Rated 3 out of 5 by from Good information Silly clapping before and after each lecture. Somewhat dull presentation but lots of good information and ideas.
Date published: 2018-04-01
Rated 1 out of 5 by from Dreadful: Dull and uninspired Do you remember those boring high school and introductory lecture courses for college freshman that killed your interest in what you thought was a rich subject that you wanted to explore? You can repeat that experience if you buy this course. It is a view from not 20,000 feet but from 100,000 feet. If you are older than 40 and are reasonably well-educated and well-read, this professor's string of cliches about great writers, poets, philosophers, sociologists, and the like as well as his highly disputable views on cultural causality will surely annoy you. Easily the worst of the Great Courses I have purchased.
Date published: 2018-02-08
Rated 5 out of 5 by from Excellent course. Mastery of the subject matter. One of the better series that I have purchased since the loss of my favorite lecturer, Rufus Fears. I'm impressed with the depth of knowledge and delivery of the message. fun to listen.
Date published: 2017-05-22
Rated 5 out of 5 by from May be the most influential lectures I really appreciated this study of history correlated with intellectual history. The professor did an excellent job of organizing the lectures and presenting the history of the individual philosophers. I hung on every word like he was creating the back drop of a great story. Which, I guess in reality, history is. I loved learning how history has effected thought through the century leading to our current lives. I look forward to a deeper study into the individuals who shaped these ideas and who were covered in these lectures. As always, after listening to the great course, I am left with an appetite for learning more!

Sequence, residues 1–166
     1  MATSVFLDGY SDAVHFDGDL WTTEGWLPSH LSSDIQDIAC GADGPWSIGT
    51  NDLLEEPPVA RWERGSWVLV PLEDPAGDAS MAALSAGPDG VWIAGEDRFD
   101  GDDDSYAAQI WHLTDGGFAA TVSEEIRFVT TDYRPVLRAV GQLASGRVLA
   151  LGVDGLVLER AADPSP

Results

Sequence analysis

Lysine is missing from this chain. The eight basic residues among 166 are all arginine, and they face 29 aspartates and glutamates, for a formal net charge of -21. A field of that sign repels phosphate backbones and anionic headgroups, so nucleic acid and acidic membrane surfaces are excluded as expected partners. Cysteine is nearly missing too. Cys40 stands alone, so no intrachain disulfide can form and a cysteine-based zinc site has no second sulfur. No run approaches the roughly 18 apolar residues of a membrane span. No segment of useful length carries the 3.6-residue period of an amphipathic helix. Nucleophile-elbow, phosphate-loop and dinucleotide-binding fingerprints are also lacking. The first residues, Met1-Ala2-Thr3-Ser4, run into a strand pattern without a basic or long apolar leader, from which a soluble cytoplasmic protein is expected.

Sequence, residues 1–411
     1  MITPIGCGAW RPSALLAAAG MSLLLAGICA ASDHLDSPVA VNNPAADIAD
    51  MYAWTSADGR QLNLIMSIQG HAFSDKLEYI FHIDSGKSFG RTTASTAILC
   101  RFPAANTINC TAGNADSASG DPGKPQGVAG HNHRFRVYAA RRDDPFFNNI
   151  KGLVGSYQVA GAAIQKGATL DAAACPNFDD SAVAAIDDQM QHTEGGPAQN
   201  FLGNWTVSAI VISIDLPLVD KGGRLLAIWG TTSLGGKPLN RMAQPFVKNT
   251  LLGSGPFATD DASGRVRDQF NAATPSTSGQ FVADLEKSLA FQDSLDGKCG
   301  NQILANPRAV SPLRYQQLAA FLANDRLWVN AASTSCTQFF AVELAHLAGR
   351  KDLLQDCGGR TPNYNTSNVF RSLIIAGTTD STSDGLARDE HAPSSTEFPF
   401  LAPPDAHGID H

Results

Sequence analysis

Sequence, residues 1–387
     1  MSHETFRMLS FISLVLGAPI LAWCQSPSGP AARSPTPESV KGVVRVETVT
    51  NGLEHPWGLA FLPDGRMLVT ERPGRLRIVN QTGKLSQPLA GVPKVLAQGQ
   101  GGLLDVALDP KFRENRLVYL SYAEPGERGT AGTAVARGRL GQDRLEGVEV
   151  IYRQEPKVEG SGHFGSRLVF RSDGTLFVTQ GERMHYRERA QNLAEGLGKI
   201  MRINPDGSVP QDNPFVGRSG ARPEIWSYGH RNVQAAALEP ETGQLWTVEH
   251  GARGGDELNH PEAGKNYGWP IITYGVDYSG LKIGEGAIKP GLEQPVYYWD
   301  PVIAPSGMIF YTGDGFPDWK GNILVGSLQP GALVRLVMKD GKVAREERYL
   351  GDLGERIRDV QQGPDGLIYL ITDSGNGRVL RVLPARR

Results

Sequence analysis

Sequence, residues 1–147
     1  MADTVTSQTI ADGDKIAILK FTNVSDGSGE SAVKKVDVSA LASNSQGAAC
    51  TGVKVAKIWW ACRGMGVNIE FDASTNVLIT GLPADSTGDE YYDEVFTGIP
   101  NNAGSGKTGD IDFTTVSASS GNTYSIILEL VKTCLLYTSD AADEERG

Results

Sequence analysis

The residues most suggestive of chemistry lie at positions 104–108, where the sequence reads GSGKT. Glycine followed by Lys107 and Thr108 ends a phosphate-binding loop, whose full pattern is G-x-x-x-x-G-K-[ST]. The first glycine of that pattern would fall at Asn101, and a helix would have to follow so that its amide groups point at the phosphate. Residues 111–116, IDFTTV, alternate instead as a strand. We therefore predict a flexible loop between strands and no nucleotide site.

Date published: 2016-11-22
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Overview

Professor Lloyd Kramer offers you a superbly focused introduction to the major intellectual themes and debates that have decisively shaped European culture. Their influence on modern disciplines including philosophy, psychology, economics, sociology, poetry, prose fiction, and painting has been incalculable.

About

Lloyd Kramer

Intellectual history fascinates me because it explores how people understand themselves, other persons, and human actions. A journey through European thought and culture thus leads us back to ourselves and our own life experiences.